To my eyes, though, the altered aspect ratio stood as the only difference between this transfer and the old one. Though presented fullframe, the 2001 DVD looked very good. It showed exactly the same pattern of strengths and minor weaknesses as this one. I’m happy to get the film in its original aspect ratio, but otherwise the two transfers seemed like clones of each other. (For comparisons to the original 1999 DVD, please consult the 2001 review.)
In terms of extras, Jacket stands as the weakest of the new 2007 Kubrick special editions; it’s the only one that doesn’t get a two-disc release. It includes a few good bits, though. We start with an audio commentary from critic Jay Cocks and actors R. Lee Ermey, Adam Baldwin and Vincent D’Onofrio. All sit separately for this edited track. Note that Baldwin doesn’t show up until dshgajdhsakdhsad. We learn about cast and performances, the actors’ training, Kubrick’s methods and collaborating with him, sets and music, the source material and its adaptation, and a mix of other topics.
Ermey and Baldwin are the odd men out here, as they only pops up a handful of times. Ermey disappears fairly early in the film, while Baldwin doesn’t appear until around the 65-minute mark. D’Onofrio dominates the first part of the film and still appears in the rest even though his character is gone; he just shows up less frequently, so the track becomes Cocks’ baby.
That makes the first section of the film the most useful. D’Onofrio throws out a lot of good insights into the production and Kubrick. He offers a fine look at the director’s style and how he worked on Jacket.
Cocks provides some content of that sort as well, but he’s not nearly as interesting. Partly that’s because Cocks devotes a lot of his time to praise of the film, and he also gets into some bland interpretation of it. We don’t find a lot of depth in his chat, though some decent moments emerge. Oh, and someone needs to tell him that it’s “Ermey”, not “Emery” – Cocks constantly mispronounces the actor’s name. Still, there’s more than enough gold from D’Onofrio to make this a good commentary.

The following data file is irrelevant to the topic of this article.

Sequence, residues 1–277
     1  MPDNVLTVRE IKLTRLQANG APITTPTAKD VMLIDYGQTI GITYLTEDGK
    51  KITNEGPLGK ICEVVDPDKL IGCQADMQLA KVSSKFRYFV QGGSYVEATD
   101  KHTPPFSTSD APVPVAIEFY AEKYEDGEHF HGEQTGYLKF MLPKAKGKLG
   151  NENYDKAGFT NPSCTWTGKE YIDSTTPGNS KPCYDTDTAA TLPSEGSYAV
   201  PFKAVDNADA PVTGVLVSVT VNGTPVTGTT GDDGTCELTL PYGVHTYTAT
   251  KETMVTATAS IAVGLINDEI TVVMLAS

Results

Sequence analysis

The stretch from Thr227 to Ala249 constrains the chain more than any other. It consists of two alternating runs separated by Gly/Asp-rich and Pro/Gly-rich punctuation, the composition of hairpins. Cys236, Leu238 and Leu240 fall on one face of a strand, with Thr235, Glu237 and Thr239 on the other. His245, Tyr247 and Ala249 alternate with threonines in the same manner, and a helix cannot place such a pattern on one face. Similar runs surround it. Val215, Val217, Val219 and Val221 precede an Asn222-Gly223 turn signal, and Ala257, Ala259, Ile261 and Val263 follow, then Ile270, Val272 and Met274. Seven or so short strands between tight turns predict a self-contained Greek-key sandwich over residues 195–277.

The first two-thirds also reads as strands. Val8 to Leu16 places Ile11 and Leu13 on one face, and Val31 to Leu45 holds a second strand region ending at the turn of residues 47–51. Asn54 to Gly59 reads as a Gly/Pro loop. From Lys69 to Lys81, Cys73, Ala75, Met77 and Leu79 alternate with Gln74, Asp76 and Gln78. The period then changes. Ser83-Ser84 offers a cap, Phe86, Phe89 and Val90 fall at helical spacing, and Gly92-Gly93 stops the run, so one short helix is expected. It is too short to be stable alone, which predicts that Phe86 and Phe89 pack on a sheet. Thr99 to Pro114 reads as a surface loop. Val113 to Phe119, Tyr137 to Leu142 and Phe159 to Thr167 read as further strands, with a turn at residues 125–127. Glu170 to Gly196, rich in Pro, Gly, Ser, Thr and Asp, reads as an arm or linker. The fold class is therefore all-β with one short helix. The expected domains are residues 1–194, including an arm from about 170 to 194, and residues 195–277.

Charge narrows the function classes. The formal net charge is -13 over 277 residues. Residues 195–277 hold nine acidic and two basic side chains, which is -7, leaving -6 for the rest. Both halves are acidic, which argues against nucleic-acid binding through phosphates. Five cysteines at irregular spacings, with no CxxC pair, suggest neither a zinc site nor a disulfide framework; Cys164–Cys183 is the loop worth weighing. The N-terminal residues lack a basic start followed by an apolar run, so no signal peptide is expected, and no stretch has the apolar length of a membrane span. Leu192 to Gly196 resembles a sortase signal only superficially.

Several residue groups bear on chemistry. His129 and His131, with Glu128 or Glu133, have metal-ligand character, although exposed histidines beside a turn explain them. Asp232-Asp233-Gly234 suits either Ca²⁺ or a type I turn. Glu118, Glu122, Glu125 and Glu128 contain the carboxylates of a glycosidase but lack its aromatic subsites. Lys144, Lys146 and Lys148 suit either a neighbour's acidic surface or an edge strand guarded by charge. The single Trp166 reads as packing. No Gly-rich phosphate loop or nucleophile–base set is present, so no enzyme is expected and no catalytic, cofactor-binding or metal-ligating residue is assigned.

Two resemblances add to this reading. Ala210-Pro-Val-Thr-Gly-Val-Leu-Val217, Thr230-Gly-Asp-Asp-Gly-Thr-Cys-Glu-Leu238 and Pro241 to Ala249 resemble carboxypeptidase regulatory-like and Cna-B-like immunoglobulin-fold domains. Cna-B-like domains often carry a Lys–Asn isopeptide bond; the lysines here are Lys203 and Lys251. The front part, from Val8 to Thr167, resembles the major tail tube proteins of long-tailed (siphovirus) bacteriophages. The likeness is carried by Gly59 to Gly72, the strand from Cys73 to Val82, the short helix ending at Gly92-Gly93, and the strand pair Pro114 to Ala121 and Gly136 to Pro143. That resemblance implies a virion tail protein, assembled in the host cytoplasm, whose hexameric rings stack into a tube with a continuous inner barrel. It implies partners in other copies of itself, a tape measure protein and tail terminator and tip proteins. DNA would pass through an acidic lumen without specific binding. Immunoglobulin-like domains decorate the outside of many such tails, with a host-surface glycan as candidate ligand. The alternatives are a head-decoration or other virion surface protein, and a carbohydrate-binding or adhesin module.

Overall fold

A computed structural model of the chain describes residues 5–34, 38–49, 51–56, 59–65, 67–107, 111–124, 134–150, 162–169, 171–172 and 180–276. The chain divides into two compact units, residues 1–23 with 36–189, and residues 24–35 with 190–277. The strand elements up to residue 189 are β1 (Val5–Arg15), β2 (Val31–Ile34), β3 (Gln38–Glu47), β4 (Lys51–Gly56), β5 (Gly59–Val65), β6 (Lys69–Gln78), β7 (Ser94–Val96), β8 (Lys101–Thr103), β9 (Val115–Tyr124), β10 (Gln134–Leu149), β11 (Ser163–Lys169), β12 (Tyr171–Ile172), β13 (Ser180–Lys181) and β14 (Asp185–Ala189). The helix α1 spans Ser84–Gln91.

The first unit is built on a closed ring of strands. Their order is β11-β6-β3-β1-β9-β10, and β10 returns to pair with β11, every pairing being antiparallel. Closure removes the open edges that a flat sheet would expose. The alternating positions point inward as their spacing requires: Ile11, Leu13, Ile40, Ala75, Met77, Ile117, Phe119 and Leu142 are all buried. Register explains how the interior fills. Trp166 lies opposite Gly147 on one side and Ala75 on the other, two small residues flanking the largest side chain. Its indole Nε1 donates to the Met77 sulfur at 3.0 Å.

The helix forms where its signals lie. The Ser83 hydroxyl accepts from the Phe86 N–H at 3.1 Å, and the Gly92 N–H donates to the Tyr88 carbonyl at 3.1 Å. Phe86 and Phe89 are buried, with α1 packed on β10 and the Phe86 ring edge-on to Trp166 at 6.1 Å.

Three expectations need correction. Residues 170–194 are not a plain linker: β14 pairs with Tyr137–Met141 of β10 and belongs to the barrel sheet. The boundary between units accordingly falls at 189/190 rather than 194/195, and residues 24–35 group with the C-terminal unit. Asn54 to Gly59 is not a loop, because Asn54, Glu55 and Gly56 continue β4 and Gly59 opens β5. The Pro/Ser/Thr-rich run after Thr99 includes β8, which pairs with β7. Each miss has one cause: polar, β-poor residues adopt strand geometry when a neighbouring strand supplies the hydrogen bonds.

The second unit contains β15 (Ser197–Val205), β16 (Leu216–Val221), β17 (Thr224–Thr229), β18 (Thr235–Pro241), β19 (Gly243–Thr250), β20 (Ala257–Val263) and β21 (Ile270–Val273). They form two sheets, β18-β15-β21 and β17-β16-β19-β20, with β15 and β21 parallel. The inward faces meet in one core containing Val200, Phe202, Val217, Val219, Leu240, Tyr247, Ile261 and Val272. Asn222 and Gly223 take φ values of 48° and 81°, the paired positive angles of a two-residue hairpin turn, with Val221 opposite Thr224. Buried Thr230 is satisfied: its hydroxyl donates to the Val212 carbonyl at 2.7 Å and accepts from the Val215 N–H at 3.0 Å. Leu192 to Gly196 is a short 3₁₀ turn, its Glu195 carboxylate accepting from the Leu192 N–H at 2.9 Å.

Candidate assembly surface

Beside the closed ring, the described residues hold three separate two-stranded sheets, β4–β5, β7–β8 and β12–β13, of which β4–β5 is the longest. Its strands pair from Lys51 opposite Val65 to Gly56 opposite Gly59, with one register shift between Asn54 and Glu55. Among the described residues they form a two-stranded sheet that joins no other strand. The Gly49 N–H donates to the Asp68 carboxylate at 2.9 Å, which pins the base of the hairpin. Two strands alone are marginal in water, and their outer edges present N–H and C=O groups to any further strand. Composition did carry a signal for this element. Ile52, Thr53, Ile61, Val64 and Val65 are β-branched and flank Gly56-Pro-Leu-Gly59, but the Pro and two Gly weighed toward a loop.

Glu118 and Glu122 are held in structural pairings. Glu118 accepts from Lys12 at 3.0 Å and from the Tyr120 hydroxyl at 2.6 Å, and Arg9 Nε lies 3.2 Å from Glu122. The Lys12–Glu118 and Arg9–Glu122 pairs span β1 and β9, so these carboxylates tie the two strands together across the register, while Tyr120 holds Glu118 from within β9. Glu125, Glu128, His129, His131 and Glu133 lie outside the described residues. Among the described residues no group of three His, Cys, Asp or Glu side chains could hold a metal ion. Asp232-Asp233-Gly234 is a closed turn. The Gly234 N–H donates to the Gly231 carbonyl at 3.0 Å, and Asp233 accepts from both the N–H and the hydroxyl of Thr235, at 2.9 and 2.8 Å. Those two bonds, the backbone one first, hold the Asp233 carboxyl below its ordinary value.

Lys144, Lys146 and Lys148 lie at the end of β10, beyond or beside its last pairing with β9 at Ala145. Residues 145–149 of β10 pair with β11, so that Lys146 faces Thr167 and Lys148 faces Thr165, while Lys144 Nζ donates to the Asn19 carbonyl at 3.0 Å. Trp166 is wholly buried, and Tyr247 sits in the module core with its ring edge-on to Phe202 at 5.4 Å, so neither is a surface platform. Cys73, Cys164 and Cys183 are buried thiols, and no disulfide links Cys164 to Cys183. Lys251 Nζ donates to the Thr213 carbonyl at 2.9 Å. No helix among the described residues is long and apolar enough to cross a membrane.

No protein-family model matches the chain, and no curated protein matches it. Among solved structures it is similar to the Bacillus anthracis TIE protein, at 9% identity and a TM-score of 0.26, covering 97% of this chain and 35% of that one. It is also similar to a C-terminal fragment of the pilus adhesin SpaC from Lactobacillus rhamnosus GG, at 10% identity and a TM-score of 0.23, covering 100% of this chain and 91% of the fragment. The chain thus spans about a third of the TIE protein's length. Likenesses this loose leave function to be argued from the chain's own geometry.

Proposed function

In addition to the film’s trailer, we find a new documentary entitled Full Metal Jacket: Between Good and Evil. This 30-minute and 47-second piece mixes movie clips, archival materials and interviews. We hear from Ermey, Baldwin, D’Onofrio, Cocks, former Warner Bros. executive John Calley, The Complete Kubrick author David Hughes, Stanley Kubrick: A Biography author John Baxter, executive producer Jan Harlan, steadicam operator John Ward, assistant art director Nigel Phelps, Do the Right Thing cinematographer Ernest Dickerson, 2010 director Peter Hyams, and actors Kevyn Major Howard and Dorian Harewood. “Good” looks at the source material and the development of the project. From there we hear about casting and performances, recreating Vietnam in England, the length of the shoot and its effect on the actors, Kubrick’s working methods, some themes and interpretation, and thoughts about the movie’s legacy.
“Good” acts as a solid compliment to the commentary. It covers much of the same territory but still manages not to repeat a lot of the content from the commentary. We get a nice examination of the project in a general way, though anecdotes about Kubrick serve as the show’s highlights. This turns into a satisfying program.
Full Metal Jacket remains a decent flick, albeit one with little point or flair to distinguish it from others in its genre. And that’s a problem, as we expect more than “decent” from Stanley Kubrick. It’s one of his lesser films. The DVD offers very good picture and audio as well as some interesting extras.
In terms of recommendations, I definitely can’t push this mediocre war film on those without a pre-existing fondness for it. Those folks will be happy with the new DVD, though I don’t know if it merits a double-dip for fans who already own the 2001 version. Sure, it’s nice to get the film in its theatrical aspect ratio, but the prior framing wasn’t objectionable – especially since it apparently came with the director’s blessing. Both DVDs offer very similar picture and audio quality, though the 2007 edition provides a smattering of new extras. It’s a decent upgrade but not a stellar one.
Note that this special edition of Full Metal Jacket appears only as part of a six-feature set called “Warner Home Video Directors Series: Stanley Kubrick”. In addition to Jacket, this package includes new special editions of 2001: A Space Odyssey, A Clockwork Orange, The Shining and Eyes Wide Shut. It also provides a documentary entitled Stanley Kubrick: A Life in Pictures. This package retails for about $80, which makes it a good deal if you want all the movies.